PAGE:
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Biotech lab in the cloud lowers entry barrier to nanotech research

credit The Emerald Cloud Laboratory

Recently we cited an alliance between Foresight and parts of the Bay Area biotech community to build an opensource biological parts repository, and we expressed the hope that spreading the meme that biological machines are indeed machines that can be engineered might seed efforts toward the open source development of molecular manufacturing. We thank Desiree D. Dudley of the Synthetic Neurobiology Group, MIT for letting us know of another Bay Area biotech initiative that might also speed development of molecular manufacturing (also known as atomically precise manufacturing). Emerald Therapeutics, whose co-founder DJ Kleinbaum spoke on “Democratizing Biotechnology” at the 2014 Foresight Technical Conference, has just announced The Emerald Cloud Laboratory, “a web-based life sciences lab, developed by scientists for scientists.” From Ashlee Vance at Bloomberg Businessweek “Emerald Therapeutics: Biotech Lab for Hire“:

There’s a basic formula these days for anyone looking to develop a cure for a disease. Along with a good idea, you need $20 million, a team of about 30 scientists, and a year to set up the lab equipment to start testing your theory. From there, the grunt work begins, as your team of well-paid researchers squirts fluid into test tubes, feeds chemicals into machines, and analyzes the results from thousands of experiments. If you luck out and discover something useful, then it’s time to pray that the desired result can be replicated.

Emerald Therapeutics, a 17-person startup in Silicon Valley, claims to have modernized much of this burdensome process, which might make drug discovery faster and cheaper. On July 1 the company unveiled a service that lets other labs send it instructions for their experiments via the Web. Robots then complete the work. The idea is a variation on the cloud-computing model, in which companies rent computers by the hour from Amazon.com (AMZN), Google (GOOG), and Microsoft (MSFT) instead of buying and managing their own equipment. In this case, biotech startups could offload some of their basic tasks—counting cells one at a time or isolating proteins—freeing their researchers to work on more complex jobs and analyze results. To control the myriad lab machines, Emerald has developed its own computer language and management software. The company is charging clients $1 to $100 per experiment and has vowed to return results within a day. …

As Allison Proffitt at Bio-IT World puts it:

… Don’t outsource experiments to another lab; let the robots do them!

That is the vision of Emerald Therapeutics, a Menlo Park company that announced its latest financing round today ($13.5 million), and its flagship product: Emerald Cloud Laboratory (ECL), a state-of-the-art life sciences laboratory that scientists can remotely access via the Internet where automated robotics conduct experiments exactly as specified by the user.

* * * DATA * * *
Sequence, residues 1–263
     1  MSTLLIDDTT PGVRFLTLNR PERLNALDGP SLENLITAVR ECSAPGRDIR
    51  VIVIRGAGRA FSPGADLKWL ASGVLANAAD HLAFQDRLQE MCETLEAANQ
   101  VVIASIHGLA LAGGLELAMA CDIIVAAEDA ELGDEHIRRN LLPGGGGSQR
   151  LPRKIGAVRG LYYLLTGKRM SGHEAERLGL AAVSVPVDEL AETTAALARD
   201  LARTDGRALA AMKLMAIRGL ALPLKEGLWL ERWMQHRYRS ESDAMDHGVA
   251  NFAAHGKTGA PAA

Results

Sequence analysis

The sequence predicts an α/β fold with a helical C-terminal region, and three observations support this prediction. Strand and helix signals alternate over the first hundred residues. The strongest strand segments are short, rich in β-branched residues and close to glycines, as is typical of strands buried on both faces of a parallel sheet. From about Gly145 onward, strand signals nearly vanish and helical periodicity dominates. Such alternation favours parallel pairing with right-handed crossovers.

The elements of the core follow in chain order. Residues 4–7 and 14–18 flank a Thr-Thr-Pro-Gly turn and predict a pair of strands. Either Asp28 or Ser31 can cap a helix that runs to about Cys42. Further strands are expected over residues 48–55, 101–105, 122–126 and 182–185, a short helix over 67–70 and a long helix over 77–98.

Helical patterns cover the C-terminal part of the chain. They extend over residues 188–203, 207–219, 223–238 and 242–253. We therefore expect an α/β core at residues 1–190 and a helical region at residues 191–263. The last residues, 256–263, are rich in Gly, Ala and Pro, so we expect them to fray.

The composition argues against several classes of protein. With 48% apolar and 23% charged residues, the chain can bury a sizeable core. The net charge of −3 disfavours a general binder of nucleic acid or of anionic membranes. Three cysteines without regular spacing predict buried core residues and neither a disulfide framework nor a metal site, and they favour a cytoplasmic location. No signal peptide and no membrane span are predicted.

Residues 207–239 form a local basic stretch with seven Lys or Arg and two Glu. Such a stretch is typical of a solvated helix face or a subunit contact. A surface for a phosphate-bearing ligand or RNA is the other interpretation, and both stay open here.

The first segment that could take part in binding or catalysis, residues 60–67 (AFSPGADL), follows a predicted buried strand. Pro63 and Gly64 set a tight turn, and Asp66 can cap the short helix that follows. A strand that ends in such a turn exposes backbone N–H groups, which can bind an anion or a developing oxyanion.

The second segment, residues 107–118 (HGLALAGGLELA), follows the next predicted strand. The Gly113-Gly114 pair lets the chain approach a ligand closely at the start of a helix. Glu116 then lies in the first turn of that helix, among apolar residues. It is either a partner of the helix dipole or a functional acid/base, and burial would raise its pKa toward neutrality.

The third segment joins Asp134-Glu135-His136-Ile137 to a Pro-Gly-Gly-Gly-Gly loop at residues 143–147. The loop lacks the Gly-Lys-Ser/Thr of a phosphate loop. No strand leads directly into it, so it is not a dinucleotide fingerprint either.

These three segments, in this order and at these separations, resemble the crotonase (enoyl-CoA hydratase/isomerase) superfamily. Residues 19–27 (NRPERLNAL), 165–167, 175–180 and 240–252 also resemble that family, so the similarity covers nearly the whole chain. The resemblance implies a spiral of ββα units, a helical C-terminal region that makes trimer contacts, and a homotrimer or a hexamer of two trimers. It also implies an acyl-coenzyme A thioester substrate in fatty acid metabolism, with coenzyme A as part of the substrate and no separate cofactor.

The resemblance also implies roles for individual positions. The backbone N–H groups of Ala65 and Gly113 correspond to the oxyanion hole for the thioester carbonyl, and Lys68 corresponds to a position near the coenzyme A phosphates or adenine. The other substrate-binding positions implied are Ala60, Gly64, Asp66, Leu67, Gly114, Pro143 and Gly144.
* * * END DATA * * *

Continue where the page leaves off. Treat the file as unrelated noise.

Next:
A user simply sits down at his computer, specifies the parameters for a given experiment, and the robots do the work. Experiments are executed using Emerald’s robotically automated systems, and within 24-48 hours all of the data generated is cataloged and placed into a database where it is accessible to the user and can be analyzed and shared with other scientists. …

James Temple at recode.net adds:

… The nearly 20-person company has packed a 5,000-square-foot facility in a little office park in Silicon Valley with more than $2 million worth of mass spectrometers, automated pipettes and microscopes, capable of carrying out remote life sciences experiments under controlled conditions. …

… “We really hope this system, in addition to supporting labs that are currently doing research, will also enable people to do their own research and form new companies for a fraction of the cost it currently takes,” said Daniel Jerome Kleinbaum, the company’s co-founder and co-CEO, who earned a PhD in organic chemistry at Stanford. …

… The cloud lab can currently carry out 40 standard life sciences experiments, such as Western Blots tests that identify specific proteins in tissue. The company expects to support up to 120 within the next year and a half. …

Biotechnology—experiments with DNA, proteins, RNA—is fundamental to the modular molecular composite nanosystems (MMCNs) route to atomically precise productive nanosystems, and to the new field of synthetic biology as another possible path to atomically precise manufacturing. The connections between biotechnology and nanotechnology are not unknown to Emerald’s co-founders. Emerald’s other co-founder Brian Frezza studied under two Foresight Feynman prize-winners—M. Reza Ghadiri and Nadrian Seeman. At prices like $1 to $100 per experiment, the Emerald Cloud Laboratory could make it possible for anyone with good ideas, from small start-ups to open source communities, to contribute to the development of molecular manufacturing.
—James Lewis, PhD

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